First Trading Day Of The Month Trading Strategy (First Day Of The Month Effect)

Last Updated on August 26, 2021 by Oddmund Groette

There are many effects and seasonalities in the stock market. One frequently mentioned seasonality is the first trading day of the month effect. Is the first trading day of the month effect a myth or fact?

In this article, we look at how the stock market (the S&P 500) performs on the first trading day of the month. It turns out that the stock market performs significantly better on the first trading day of the month compared to other days. Furthermore, we have developed two trading strategies based on the first day of the month effect.

Some of the other seasonal effects are covered on our landing page of free strategies:

The first day of the month effect

Let’s define the first day of the month and look at its performance:

The first day of the month defined:

First, we start by defining the first day of the month effect: we are referring to the first trading day of the month, and not the first calendar day. The first trading day of the month could be the third calendar day, for example, if the first calendar day is on a weekend or there is a holiday.

How the first trading day of the month effect performs:

First, let’s test the average gain from the close until the next day’s close in the S&P 500, the broadest measure of the stock market, on any day:

The equity curve above shows the compounded result of 100 000 invested at the close and held until the close the next day. We used the ETF with ticker code SPY to perform the test. The average gain per day is 0.05%.

Thus, the stock market has a nice tailwind, something you also can turn into night trading or overnight strategies:

Let’s test by holding the S&P 500 (SPY) from the close of the last trading of the month until the close of the first day of the month:

The test is done by investing 100 000 in 1993 and let it compound all the way until May 2021.The result indicates a solid edge in owning stocks on the first trading day of the month:

The average gain on the first trading of the month is a solid 0.25% – five times better than the average day in the stock market. There obviously is a first day of the month effect.

Is this a tradeable strategy?

Unfortunately not. It’s far too unstable and unreliable to be traded. Furthermore, we see that most of the gains were up until the GFC in 2008/09.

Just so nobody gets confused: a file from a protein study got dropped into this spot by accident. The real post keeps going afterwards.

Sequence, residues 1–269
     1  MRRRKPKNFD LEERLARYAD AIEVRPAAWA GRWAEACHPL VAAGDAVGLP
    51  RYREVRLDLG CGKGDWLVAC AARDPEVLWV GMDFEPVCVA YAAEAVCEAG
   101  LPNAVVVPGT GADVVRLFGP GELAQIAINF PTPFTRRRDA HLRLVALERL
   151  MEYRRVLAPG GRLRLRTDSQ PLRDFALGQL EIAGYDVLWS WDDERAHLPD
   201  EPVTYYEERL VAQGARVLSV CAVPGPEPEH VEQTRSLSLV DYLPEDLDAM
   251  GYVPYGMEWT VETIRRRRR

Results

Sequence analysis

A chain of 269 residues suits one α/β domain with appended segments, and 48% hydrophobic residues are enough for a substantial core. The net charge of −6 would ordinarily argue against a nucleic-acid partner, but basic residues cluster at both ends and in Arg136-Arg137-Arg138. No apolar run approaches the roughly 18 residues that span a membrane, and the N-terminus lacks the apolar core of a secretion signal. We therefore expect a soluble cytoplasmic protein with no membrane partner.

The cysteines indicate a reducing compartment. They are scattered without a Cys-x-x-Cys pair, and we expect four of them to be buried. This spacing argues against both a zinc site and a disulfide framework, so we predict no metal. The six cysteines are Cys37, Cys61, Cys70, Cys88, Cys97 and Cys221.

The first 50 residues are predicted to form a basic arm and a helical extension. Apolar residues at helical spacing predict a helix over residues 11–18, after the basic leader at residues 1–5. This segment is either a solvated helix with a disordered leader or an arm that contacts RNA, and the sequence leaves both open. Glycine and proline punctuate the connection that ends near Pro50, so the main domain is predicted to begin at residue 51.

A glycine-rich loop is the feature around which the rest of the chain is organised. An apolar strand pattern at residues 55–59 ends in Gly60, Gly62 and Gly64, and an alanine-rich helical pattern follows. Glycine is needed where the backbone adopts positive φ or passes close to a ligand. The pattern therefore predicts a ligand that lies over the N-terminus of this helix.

Since then, the strategy has not worked so well, even though the average has been 0.17% per trade:

Is it any way we can improve the strategy? Luckily, yes.

The first trading day of the month – strategy number one:

We still use the ETF with the ticker code SPY. However, you can of course use the S&P futures, the e-mini, or the recent micro contract.

Since 1993, there have been 341 different months. We inserted a very simple filter into the strategy and reduced the number of trades to 256. However, the average gain per trade increases to 0.35.

By doing this, the strategy is invested only 1.7% of the time but still returns 3% CAGR since 1993. The win ratio is 67%, the average winner is 0.82%, the average loser is 0.62%, the profit factor is 2.5, and the max drawdown is 5%.

We think these are pretty good numbers.

The above numbers are from the close of the last trading day of the month until the close of the first day. However, if you close the position on the open of the first day, the average is still a respectable 0.22% and has a profit factor of 3.7. The max drawdown is reduced to 3%.

The first trading day of the month – strategy number two:

We also made another twist to the strategy: But this time we buy on the close on the first trading of the month given one criterion. The equity curve looks like this:

There are 49 trades (only) and the average gain per trade is 1.24%. The strategy is only invested 0.9% of the time but returns a CAGR of 2.11%.

Both of the strategies above will be presented as one monthly Trading Edge to our subscribers during the winter of 2021/22:

Why is there a first day of the month effect/tendency/seasonality?

We are traders and prefer to establish facts, and not “guess” why an effect or seasonality exists.

However, most the most likely reason for the positive bias on the first day of the month is an inflow of capital from savers, pension funds, automatic savings to 401s, etc. There simply is more capital entering the stock market and this creates a small tailwind and sellers can demand slightly higher prices.

Conclusion about the first day of the month effect:

The first trading day of the month yields significantly better returns than any other day of the month.

Just buying at the close of the month and selling at the close on the first day of the month, is not a viable strategy in itself, but by adding one filter or one criterion the strategy can be improved a lot and used as a trading strategy in the S& 500 (or even Nasdaq).

Recommended reading/articles:

 

Disclosure: We are not financial advisors. Please do your own due diligence and investment research or consult a financial professional. All articles are our opinions – they are not suggestions to buy or sell any securities.